I’m still in a bit of shock from my long weekend in Los Angeles last month. Shock from the mediocre meals I had. Shock from spending hours navigating the filth and rubble of downtown L.A., and shock from how I was sold a bill of goods describing how a “downtown Renaissance” was going on there. Something is going on all right — every block seems beset by either new construction or a condo conversion — but the progress has been glacial since last we visited a few years ago, and don’t hold your breath if you expect it to look like mid-town Manhattan (or even downtown Seattle) anytime soon.
It’s that time of year again, when Restaurant magazine, an industry journal published out of London, names the “World’s 50 Best Restaurants,” an annual list so nonsensical as to make “Alice in Wonderland” seem like a serious guidebook.
Years ago I was invited to be one of the hundreds of judges for this awards program (and I was to pick the other North American judges), now made up of more than a thousand food writers, chefs and restaurateurs, and well-traveled gastronomes. Each judge casts seven votes, “three of which must apply toward restaurants outside of his or her home region. Voters must have dined at a restaurant within the past 18 months.” After that first year on the panel I realized the whole thing was a farce, for several reasons.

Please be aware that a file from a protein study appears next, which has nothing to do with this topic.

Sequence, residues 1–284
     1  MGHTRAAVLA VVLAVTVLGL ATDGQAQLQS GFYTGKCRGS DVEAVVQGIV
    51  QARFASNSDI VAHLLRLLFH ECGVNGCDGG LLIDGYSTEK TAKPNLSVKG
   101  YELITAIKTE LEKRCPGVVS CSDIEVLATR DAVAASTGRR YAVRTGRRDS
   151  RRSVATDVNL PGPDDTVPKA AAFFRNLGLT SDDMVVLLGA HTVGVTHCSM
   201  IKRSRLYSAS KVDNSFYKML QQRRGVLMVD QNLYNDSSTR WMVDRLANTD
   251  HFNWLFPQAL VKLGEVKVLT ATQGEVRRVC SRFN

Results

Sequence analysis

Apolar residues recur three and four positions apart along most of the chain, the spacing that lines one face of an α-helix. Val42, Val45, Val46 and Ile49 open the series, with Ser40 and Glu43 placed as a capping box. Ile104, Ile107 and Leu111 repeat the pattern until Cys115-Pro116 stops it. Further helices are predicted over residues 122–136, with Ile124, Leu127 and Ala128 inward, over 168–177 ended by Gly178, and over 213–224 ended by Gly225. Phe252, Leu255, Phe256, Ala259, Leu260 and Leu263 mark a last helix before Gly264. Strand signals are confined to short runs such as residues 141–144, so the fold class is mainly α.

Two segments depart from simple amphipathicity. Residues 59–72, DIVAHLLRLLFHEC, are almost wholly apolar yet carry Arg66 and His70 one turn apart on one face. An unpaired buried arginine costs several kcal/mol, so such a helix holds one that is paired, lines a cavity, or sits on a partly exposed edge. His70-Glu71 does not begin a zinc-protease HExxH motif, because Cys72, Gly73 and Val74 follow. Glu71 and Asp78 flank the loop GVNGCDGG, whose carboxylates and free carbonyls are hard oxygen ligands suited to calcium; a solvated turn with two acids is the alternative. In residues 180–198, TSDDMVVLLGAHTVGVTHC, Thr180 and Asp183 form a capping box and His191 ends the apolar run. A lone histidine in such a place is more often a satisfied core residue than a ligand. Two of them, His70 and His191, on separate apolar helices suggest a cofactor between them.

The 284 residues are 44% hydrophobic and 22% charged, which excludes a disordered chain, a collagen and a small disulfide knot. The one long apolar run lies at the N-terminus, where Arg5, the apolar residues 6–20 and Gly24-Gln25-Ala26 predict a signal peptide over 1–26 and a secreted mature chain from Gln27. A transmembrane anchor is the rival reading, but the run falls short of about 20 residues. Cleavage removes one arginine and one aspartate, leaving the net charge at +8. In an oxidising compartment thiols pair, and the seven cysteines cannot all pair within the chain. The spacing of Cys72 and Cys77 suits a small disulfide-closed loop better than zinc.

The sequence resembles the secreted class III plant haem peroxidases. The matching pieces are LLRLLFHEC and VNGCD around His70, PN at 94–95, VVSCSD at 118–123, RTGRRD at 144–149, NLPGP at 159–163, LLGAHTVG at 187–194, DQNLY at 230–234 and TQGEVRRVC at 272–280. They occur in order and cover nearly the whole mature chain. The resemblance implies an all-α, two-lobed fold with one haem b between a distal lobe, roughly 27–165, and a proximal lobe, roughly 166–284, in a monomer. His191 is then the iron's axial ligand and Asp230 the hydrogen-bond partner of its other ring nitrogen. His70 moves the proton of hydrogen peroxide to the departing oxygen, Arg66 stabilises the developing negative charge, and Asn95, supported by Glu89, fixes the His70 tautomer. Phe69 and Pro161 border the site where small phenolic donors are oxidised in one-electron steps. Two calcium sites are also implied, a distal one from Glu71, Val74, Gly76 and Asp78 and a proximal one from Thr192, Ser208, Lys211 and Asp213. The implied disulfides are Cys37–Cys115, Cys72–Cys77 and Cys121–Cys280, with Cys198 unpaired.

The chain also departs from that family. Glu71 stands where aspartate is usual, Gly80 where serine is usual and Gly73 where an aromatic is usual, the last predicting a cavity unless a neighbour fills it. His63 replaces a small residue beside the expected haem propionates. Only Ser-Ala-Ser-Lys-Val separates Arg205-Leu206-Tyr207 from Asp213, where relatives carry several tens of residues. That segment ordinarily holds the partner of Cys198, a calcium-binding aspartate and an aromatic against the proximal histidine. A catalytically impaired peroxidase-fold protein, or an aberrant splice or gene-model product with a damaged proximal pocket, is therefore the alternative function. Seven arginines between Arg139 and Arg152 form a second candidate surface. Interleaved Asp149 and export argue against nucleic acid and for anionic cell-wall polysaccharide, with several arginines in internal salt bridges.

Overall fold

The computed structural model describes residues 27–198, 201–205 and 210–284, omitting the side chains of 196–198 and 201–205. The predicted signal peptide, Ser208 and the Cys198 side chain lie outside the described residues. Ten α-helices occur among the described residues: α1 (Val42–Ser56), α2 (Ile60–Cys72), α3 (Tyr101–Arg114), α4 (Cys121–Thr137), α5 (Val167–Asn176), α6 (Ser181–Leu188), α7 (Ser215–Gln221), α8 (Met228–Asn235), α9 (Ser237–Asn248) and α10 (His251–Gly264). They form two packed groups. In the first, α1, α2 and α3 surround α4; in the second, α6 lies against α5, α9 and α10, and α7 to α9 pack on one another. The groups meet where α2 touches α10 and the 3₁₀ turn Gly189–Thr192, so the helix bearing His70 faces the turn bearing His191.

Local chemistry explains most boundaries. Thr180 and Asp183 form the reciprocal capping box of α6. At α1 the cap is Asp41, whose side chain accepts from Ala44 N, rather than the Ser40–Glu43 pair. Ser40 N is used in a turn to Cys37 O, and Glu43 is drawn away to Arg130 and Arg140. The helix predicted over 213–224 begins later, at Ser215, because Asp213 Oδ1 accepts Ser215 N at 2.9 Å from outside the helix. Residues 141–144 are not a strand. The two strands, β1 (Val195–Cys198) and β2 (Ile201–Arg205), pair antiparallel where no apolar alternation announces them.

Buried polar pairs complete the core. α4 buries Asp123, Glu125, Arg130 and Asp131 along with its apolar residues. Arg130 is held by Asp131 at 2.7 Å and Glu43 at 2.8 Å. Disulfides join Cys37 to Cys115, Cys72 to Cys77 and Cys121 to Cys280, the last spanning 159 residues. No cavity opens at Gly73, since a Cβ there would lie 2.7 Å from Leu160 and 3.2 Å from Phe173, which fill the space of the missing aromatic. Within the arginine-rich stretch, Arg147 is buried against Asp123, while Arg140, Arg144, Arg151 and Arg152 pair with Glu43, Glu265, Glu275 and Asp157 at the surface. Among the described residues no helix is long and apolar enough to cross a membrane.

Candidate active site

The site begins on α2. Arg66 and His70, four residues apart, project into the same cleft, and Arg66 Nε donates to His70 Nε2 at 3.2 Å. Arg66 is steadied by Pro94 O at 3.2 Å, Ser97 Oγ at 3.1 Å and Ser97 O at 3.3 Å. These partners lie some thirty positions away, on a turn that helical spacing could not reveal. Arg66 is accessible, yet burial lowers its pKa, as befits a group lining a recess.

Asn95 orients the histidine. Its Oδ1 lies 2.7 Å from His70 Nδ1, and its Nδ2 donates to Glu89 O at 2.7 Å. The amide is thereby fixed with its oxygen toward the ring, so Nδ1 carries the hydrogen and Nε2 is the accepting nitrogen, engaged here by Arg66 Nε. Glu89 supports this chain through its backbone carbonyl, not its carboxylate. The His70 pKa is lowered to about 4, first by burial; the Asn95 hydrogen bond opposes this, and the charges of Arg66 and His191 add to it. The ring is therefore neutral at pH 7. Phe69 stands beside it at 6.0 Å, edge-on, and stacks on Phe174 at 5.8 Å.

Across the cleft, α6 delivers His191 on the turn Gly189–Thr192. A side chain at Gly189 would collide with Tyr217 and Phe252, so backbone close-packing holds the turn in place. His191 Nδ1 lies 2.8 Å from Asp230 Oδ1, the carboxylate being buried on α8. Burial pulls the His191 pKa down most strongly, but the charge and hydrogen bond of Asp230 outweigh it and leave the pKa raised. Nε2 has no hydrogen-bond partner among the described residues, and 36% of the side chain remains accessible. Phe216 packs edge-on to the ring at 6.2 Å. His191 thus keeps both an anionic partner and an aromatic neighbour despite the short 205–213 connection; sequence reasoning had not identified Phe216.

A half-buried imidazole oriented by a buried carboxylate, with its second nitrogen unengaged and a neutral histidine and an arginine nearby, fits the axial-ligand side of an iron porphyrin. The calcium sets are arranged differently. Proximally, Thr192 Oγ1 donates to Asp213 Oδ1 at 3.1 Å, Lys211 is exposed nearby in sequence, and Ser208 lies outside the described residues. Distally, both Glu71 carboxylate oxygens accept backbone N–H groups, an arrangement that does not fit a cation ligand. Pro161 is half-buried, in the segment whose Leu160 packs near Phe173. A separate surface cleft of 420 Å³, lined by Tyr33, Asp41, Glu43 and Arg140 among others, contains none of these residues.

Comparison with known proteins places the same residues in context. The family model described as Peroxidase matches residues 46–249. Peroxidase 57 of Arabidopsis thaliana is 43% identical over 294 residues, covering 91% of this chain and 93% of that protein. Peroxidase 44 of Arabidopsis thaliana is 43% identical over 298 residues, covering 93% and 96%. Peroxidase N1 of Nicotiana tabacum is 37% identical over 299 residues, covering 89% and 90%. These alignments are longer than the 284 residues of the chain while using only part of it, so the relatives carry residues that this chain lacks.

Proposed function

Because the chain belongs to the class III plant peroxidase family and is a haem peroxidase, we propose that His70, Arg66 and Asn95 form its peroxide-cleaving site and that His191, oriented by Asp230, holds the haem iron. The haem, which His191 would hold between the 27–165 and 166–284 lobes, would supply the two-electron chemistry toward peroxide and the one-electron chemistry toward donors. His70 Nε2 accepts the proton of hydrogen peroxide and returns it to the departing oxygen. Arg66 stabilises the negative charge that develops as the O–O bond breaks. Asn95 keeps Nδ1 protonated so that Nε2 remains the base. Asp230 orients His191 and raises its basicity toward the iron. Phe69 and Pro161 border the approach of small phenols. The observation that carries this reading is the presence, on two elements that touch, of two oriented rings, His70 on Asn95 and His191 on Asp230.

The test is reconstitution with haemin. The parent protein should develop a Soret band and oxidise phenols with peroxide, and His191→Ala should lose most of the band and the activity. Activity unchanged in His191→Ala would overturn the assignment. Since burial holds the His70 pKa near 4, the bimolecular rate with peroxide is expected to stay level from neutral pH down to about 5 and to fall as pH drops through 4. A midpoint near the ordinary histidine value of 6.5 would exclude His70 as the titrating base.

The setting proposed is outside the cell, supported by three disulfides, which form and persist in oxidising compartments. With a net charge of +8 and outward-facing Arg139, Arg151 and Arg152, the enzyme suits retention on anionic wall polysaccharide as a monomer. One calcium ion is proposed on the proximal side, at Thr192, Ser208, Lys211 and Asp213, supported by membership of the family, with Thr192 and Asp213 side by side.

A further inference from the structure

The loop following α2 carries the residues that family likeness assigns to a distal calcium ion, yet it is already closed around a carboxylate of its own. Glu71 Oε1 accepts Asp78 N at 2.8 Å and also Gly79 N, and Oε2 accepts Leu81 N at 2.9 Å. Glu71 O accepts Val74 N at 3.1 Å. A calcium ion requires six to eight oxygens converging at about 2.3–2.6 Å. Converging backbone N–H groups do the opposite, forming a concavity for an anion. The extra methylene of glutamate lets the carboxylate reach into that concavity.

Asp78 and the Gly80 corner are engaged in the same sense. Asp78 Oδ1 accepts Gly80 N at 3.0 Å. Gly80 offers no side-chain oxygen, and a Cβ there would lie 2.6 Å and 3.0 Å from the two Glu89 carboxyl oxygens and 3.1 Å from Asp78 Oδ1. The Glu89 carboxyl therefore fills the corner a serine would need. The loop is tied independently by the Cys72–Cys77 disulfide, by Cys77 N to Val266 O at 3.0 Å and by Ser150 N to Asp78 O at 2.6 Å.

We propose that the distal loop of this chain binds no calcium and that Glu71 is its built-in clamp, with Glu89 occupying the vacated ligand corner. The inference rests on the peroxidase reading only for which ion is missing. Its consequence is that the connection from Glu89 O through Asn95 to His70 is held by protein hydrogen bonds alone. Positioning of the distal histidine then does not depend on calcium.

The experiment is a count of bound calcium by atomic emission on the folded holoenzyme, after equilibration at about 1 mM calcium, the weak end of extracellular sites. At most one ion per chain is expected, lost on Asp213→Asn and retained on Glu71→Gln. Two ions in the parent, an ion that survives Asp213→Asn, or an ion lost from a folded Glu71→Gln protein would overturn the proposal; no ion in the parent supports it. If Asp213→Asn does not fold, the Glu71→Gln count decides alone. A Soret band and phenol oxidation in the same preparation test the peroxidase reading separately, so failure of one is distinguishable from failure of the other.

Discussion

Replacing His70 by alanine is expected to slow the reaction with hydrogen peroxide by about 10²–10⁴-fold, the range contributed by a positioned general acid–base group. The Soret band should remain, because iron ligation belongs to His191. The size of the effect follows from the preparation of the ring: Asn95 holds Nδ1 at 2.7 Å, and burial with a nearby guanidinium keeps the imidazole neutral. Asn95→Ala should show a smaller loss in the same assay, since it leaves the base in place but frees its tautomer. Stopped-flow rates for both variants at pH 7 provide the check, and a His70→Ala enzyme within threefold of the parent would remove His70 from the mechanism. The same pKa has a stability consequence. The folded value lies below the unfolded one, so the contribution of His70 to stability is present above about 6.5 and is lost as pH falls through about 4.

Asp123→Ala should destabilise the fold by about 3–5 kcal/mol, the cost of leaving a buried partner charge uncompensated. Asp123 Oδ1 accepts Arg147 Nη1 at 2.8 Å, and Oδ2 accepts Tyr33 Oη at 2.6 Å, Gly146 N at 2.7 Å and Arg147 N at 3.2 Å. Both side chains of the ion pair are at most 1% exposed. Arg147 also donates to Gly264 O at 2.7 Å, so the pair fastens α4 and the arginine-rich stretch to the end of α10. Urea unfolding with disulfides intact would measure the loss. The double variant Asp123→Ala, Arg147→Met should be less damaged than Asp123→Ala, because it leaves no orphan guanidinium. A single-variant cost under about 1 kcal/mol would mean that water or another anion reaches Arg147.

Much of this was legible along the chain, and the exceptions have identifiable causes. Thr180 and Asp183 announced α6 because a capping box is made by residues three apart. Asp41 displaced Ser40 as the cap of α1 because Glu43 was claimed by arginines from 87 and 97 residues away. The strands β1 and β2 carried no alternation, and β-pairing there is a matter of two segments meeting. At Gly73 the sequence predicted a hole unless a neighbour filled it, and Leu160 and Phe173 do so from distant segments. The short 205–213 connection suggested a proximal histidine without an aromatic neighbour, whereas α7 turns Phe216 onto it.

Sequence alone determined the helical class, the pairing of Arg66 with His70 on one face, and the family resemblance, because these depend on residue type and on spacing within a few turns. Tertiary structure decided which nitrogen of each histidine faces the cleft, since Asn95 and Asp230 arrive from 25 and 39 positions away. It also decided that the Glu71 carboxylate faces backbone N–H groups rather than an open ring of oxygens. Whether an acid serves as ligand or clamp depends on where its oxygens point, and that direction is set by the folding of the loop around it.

Wine Travels in Germany + A Few Words(?) About the Ironic Inscrutability of Germany’s Greatest Grape
German wines and America have had a difficult relationship over the past one hundred years, to say the least. Two world wars in twenty years weren’t exactly conducive to good public relations (or wine sales), and dumping boatloads of plonk on the American market back in the 1970s — in the form of Piesporter, Liebfraumilch and the dreaded Blue Nun — didn’t help matters either. The overall effect has been to seriously damage the reputation of Riesling — one of the great drinking grapes of the world.